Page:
Blueberries do often cause excessive gas, especially when you eat a relatively large serving.
There’s a few different aspects of blueberries that can cause gas, but the main issue for most is that they are very high in fructose.
I’m going to go over the whole picture so that you can understand why a large serving of blueberries may cause you gas issues, and then you can adjust your serving size accordingly.
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Why Do Fruits Like Blueberries Cause Gas?
Certain fruits are known to cause gas and be good for bowel movements.
This is because they contain certain carbohydrates that are hard to digest.
These carbohydrates pass through the stomach and small intestine mostly intact, and then are fermented by your gut bacteria in the large intestine. This process produces various gasses as a byproduct.
So what are those carbohydrates that don’t digest well? The most notable ones are:
- FODMAPs (fermentable oligosaccharides, disaccharides, monosaccharides, and polyols) – Note that some of these are considered fiber as well.
Now we can look at how much of these are in blueberries.
Fiber Content of Blueberries
Blueberries are reasonably high in fiber, although the bigger danger is that it’s easy to eat several servings of blueberries in one sitting.
The nutrition data below is for 100 grams of blueberries, which is about 2/3 cup.
|Total Lipid (g)||0.33|
That amount of fiber alone typically isn’t an issue.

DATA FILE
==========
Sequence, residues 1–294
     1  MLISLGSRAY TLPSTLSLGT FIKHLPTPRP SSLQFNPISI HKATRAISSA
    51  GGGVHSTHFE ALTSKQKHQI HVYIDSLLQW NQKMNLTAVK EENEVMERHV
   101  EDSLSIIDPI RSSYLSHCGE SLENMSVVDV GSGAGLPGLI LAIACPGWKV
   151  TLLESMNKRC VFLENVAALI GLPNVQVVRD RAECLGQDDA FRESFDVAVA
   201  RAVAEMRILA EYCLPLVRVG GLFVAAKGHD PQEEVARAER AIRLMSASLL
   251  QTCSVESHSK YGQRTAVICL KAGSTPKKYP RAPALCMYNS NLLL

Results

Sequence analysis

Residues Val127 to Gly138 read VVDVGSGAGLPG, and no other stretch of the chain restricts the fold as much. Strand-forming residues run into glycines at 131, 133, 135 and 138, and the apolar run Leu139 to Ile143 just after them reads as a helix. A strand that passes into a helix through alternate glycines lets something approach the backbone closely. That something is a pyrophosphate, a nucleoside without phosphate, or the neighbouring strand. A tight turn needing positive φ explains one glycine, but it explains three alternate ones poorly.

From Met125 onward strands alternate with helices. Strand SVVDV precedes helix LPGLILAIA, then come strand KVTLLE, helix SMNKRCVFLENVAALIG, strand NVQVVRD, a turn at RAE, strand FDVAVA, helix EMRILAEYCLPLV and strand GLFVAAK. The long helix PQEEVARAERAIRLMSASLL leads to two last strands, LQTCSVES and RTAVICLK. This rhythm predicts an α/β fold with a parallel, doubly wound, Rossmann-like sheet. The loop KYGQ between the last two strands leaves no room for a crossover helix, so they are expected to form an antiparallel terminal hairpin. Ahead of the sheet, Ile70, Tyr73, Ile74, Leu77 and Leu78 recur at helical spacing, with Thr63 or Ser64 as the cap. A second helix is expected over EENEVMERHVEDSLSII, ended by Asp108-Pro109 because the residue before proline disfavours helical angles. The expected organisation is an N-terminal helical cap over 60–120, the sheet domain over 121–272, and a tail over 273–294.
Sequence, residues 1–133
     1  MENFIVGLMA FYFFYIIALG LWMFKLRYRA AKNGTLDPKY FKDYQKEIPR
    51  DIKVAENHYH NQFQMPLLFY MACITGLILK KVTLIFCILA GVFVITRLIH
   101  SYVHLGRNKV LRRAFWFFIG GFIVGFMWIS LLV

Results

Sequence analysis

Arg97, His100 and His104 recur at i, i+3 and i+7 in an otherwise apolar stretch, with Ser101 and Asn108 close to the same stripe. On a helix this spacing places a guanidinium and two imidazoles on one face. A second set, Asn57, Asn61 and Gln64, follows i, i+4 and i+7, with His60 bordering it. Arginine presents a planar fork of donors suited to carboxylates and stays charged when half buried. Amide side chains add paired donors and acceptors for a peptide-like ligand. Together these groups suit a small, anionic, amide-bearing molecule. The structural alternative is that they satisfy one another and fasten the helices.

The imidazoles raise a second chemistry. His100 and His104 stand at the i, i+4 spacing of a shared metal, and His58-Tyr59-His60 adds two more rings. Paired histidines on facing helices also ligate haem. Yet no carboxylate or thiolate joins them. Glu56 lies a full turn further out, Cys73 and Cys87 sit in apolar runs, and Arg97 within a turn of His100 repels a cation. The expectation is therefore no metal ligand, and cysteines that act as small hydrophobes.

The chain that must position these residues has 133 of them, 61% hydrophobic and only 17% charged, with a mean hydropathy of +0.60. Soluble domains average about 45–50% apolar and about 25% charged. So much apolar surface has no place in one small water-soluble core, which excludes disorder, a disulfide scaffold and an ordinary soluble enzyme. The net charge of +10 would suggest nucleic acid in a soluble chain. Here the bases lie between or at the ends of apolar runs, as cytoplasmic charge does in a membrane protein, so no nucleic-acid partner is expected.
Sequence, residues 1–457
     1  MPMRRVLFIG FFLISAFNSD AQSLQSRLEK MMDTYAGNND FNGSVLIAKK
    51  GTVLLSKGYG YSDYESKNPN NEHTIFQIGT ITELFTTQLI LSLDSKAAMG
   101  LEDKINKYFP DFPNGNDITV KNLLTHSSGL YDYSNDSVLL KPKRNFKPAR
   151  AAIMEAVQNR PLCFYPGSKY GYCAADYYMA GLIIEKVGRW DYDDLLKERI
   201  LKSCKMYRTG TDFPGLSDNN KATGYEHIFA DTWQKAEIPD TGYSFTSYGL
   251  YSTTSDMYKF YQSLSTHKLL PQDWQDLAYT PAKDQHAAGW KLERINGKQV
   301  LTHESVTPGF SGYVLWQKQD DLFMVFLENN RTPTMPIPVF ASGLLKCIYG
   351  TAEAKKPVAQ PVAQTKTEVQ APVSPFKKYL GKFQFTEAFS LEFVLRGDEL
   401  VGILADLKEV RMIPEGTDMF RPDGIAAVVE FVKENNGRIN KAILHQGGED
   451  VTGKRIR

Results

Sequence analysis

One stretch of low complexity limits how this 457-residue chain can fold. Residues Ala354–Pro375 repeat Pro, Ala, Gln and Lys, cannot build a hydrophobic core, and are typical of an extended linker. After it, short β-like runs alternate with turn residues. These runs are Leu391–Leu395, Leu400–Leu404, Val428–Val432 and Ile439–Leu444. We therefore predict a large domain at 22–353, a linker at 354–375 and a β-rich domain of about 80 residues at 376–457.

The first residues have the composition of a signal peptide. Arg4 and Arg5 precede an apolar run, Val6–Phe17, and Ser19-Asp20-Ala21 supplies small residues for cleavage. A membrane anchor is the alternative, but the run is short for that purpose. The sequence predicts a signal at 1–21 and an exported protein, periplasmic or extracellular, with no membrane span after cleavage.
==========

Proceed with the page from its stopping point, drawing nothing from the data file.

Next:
Even if you ate 500 grams of blueberries, that’s about 12 grams of fiber, which may cause some gas, but shouldn’t be a huge problem.
The bigger issue is actually found when we look at the high amount of certain sugars in blueberries.
Hard to Digest Carbohydrates in Blueberries
We’re not going to go over every single FODMAP here, but there are a few that are found in significant amounts in blueberries:
- Sorbitol (a sugar alcohol)
- Fructooligosaccharides (FOS)
I was able to find a study that measured FODMAP levels in blueberries, which are shown in the table below per 100 gram serving.
Note that the sugars don’t add up to the exact weight in the nutrition information above, but it’s a fairly minor difference (likely just natural variation among blueberry crops).
|Total FOS||0.50 g|
Most of the sugar in blueberries is glucose, which is very easy to digest.
However, I’ve highlighted 3 potential issues.
FOS are not likely to cause a huge issue here unless you eat several servings, so we’ll gloss over those.
But sorbitol intolerance can lead to gastrointestinal issues in as little as 5 grams of sorbitol. It is certainly possible to eat 500 grams of blueberries at once, and people who are sensitive to sorbitol may have issues as a result.
Finally, blueberries are a high fructose food.
According to current research, just about everyone can absorb 15 grams of fructose in a sitting. However, past that amount, a significant amount of people have trouble breaking it down (i.e. it will get fermented). You can reach that threshold of fructose in blueberries with just a few servings.
These Carbohydrates Do Not Act Alone
We saw that just a few servings of blueberries may be an issue for certain people because of its high fructose content or sorbitol.
But even for people who tolerate those pretty well, there’s still a lot of fermentation occurring when you consider everything together:
In other words, some people will get gas from just a single serving of blueberries (1 cup or less).
Even though some people will tolerate some of those carbohydrates better than others, it’s probably not advisable to eat more than a few cups of blueberries at once.